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"Every profession has its own language," writes Diane Ravitch in Ed Speak: A Glossary of Education Terms, Phrases, Buzzwords, and Jargon. "Education is no exception." But educators, she points out, need to be able to communicate with both parents and the general public. To help make "ed speak' more accessible to lay people, Ravitch has defined more than 500 commonly used terms from the "strange tongue" of pedagogese.
– Marjorie Kehe
Sit, stay, read
Just when you had recovered from the remarkable success of "The Dangerous Book for Boys," here comes another (perhaps equally potent) threat to domestic tranquility: The Dangerous Book for Dogs (Villard Books, 193 pp., $15.95) by Rex and Sparky.
The book features chapters with titles like "Making Toys Out of Household Items," "Foul Smells Every Dog Should Roll In," and "A Connoisseur's Guide to Shoes."
The word "parody" in the subtitle reassures all of us that we need not take it too seriously but it does, of course, arrive just in time for holiday gift giving. I'm not quite sure why dog owners – who could write their own such manuals – will need a book like this, but the little sketches are cute, the prose is funny, and who can resist a work with the dedication, "For Marley"?
I just finished R.D. Rosen's A Buffalo in the House: The True Story About a Man, an Animal, and the American West. Weaving the story of bison in American history through the tale of a man who became inseparable from an orphaned buffalo calf, this book will touch the heart of any animal lover.– Louise Brennecke Brown, Sherwood, Ore.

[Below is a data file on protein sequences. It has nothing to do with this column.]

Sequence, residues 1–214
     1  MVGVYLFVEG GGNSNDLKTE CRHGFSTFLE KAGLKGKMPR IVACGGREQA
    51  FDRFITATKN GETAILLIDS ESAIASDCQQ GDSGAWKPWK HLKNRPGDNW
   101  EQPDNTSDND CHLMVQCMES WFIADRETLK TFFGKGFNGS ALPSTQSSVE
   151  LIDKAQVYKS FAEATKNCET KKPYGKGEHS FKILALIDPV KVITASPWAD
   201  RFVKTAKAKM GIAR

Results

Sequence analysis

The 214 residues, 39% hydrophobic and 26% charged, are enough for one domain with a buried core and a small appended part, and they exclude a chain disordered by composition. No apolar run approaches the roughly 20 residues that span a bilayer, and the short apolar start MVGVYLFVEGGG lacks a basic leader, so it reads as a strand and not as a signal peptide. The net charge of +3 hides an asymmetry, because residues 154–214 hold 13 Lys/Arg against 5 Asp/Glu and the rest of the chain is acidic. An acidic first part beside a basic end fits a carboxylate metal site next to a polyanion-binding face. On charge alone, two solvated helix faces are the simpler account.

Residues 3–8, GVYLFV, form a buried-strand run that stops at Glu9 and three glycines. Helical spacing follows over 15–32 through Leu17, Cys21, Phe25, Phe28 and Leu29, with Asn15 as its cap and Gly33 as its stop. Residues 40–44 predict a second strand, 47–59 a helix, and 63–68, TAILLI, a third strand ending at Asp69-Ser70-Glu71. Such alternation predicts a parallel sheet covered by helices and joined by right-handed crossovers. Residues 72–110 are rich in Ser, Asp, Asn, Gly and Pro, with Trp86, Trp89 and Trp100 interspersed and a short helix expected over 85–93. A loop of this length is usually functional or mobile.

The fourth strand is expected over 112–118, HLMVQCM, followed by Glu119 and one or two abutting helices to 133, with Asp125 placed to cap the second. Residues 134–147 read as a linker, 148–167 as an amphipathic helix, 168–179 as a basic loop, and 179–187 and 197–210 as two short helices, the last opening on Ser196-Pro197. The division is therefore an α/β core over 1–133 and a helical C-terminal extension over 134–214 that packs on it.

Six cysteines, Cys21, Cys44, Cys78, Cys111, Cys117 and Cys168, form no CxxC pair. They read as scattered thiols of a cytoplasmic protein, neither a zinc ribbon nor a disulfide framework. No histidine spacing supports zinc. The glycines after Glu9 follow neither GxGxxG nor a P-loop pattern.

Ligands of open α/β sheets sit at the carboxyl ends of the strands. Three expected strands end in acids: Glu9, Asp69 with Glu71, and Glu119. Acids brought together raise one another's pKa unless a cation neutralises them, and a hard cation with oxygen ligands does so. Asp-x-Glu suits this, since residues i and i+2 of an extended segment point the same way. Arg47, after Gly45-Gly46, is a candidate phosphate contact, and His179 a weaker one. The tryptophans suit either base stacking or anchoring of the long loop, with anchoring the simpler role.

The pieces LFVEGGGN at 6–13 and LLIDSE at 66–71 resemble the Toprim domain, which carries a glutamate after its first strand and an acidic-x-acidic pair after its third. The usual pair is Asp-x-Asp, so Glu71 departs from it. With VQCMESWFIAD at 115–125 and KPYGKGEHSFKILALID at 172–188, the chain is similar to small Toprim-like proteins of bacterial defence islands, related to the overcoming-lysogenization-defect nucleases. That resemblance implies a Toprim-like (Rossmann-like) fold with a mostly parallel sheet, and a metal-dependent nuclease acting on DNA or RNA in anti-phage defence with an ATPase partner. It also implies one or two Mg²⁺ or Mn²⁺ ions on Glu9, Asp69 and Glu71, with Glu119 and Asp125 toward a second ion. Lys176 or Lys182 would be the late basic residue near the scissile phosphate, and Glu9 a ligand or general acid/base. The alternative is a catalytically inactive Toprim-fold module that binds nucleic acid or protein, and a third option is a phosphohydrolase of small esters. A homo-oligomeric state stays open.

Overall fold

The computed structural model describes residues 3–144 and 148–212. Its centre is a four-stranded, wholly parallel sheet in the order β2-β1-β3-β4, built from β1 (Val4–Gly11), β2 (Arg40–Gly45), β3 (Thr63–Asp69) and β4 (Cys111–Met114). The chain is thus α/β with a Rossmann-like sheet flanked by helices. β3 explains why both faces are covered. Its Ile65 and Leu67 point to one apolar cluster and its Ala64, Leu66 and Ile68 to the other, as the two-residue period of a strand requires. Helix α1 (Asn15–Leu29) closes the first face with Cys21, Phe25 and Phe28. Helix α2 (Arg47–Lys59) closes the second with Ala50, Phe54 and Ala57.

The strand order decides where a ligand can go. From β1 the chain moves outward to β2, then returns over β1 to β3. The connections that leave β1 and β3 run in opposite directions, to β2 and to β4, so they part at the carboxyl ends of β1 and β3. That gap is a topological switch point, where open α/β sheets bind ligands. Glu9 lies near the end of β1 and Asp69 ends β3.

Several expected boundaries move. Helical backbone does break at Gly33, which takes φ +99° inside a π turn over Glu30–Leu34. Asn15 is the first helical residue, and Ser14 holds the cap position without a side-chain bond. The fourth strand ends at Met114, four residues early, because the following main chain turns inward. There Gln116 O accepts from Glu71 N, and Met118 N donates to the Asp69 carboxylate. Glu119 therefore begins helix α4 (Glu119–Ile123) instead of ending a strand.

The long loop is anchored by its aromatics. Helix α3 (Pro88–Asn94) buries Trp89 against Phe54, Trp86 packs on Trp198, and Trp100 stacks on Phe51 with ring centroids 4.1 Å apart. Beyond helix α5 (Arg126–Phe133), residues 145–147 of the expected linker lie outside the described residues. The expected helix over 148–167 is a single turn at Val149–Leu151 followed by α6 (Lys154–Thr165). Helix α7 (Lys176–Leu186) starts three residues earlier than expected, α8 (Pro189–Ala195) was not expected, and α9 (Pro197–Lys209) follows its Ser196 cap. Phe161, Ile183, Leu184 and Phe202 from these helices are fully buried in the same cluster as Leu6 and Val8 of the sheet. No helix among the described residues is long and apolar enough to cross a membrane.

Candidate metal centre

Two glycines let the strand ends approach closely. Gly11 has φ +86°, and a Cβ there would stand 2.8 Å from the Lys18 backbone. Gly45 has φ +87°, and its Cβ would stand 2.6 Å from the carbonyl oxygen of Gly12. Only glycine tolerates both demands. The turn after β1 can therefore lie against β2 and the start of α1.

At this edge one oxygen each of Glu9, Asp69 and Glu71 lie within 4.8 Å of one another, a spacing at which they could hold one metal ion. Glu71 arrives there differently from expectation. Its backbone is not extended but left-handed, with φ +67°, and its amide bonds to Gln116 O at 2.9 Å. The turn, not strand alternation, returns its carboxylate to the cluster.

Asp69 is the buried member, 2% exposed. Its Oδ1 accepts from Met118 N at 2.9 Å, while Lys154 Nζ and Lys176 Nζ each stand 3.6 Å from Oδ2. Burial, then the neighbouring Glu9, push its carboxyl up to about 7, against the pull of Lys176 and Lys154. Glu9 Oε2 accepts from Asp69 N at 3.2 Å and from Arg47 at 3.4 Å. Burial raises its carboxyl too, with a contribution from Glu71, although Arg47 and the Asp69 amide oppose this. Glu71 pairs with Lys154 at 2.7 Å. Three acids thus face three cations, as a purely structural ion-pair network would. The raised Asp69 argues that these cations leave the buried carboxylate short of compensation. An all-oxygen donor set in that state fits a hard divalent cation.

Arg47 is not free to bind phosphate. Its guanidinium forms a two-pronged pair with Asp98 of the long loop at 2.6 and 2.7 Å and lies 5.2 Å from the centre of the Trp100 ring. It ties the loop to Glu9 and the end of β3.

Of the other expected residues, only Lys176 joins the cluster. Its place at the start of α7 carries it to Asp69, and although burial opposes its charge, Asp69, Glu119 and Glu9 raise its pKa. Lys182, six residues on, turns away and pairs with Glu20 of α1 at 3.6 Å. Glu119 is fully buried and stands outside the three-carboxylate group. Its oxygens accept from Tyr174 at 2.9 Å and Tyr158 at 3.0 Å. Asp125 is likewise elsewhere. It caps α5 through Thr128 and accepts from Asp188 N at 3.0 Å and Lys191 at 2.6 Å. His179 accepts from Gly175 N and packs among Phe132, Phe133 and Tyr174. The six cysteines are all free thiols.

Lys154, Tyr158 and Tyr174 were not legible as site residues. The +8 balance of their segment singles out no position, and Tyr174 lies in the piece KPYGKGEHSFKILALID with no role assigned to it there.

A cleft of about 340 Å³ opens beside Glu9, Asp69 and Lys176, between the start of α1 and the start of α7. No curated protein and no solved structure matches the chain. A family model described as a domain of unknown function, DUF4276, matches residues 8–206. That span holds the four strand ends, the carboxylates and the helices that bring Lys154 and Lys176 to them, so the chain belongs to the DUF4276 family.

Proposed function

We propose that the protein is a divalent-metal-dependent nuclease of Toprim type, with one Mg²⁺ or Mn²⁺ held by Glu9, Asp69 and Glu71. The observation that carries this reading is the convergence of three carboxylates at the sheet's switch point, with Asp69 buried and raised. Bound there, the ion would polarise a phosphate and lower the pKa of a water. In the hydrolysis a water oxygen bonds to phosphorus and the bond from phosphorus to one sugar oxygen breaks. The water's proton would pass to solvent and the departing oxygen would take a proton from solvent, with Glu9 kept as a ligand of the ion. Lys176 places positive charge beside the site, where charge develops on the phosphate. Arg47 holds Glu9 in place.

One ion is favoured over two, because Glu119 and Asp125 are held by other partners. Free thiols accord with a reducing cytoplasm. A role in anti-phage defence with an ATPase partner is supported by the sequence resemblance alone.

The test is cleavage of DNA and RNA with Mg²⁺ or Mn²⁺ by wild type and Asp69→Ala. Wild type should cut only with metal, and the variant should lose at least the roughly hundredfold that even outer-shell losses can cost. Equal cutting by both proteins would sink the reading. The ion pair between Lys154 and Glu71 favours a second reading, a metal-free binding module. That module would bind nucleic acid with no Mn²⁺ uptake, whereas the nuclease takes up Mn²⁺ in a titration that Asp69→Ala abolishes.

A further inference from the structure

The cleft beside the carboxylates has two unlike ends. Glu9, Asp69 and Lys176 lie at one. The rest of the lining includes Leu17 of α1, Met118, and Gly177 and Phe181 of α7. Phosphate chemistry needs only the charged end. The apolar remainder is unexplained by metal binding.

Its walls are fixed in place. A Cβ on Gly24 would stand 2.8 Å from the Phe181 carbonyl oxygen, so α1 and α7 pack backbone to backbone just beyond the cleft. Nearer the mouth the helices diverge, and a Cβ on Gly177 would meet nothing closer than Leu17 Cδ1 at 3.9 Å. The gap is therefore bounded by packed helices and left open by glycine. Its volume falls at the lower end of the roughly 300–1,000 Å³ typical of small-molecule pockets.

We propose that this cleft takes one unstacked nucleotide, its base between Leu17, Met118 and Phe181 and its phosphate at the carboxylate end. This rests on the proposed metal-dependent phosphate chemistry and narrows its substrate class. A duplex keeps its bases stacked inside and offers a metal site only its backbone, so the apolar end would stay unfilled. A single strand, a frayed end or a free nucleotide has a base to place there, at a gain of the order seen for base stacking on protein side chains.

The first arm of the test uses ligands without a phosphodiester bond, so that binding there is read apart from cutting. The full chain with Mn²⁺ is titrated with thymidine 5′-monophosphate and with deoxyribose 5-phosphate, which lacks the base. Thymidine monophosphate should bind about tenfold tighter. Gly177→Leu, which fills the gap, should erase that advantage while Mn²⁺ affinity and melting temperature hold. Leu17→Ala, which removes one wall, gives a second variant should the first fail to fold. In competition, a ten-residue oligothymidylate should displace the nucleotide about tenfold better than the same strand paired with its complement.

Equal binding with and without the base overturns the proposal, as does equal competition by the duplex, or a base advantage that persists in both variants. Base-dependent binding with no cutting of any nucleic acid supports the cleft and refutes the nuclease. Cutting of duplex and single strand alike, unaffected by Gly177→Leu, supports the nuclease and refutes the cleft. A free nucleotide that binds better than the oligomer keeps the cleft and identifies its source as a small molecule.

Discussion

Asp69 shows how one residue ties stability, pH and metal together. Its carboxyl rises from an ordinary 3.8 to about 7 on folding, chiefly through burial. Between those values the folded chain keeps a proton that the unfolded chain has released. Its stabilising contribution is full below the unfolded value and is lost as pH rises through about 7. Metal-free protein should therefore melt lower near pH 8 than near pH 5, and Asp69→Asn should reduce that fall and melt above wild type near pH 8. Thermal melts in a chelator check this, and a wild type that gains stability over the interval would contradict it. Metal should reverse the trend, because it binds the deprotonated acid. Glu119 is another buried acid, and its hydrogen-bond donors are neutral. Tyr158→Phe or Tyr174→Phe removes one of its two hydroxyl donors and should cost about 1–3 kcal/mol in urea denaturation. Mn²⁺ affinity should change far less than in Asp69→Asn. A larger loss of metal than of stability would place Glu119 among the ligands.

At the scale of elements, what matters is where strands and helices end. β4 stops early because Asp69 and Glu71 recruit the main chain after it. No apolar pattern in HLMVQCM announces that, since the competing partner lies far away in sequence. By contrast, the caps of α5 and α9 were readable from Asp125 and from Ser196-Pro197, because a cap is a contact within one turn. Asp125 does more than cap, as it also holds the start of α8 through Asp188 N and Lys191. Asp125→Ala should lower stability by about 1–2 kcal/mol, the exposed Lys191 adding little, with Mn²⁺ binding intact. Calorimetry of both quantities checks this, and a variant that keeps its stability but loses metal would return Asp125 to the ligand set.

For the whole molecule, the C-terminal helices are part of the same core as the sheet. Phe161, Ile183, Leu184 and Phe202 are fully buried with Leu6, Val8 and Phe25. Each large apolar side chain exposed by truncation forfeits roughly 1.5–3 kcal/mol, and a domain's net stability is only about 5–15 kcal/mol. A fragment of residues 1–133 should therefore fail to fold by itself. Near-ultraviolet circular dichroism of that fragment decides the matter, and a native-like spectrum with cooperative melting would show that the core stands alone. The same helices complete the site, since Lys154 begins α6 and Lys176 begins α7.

I knew that I would attract smirking attention from my wife when I began my most recent assault on Thomas Pynchon's crazily beautiful, chaotic Gravity's Rainbow. Why read such a difficult book? It's a constant search for beauty and elegance, and I guess only reading can help.– Barry Wightman, Elm Grove, Wis.
I am almost halfway through Eat, Pray, Love by Elizabeth Gilbert and find it enjoyable, witty, and charming. Elizabeth Gilbert has let me into her life. – Michelle Jaeger Jones, Playa Vista, Calif.
For something a little different, I tried Spin by Canadian author Robert Charles Wilson. Its three main characters sacrifice all they have – one for science, one for faith, and one for love. As soon as I finished it, I read it all over again and still can't stop thinking about it and the way it gives me hope for our race.– Kathy Piselli, Atlanta
In Stars of the New Jersey Shore: A Theatrical History, Karen Schnitzspahn has taken currently controversial Long Branch, N.J., and given it back its fabled past. You'll be astounded at the names that pop up, with details of their private lives. This is a must read for fans of celebrity history.– Art Scott, Flagstaff, Ariz.
Eat That Frog by Brian Tracy is about ceasing to procrastinate. For people who are overwhelmed by tasks of all sizes, this book provides methods for accomplishing more.– Lena Davidson, Portland, Ore.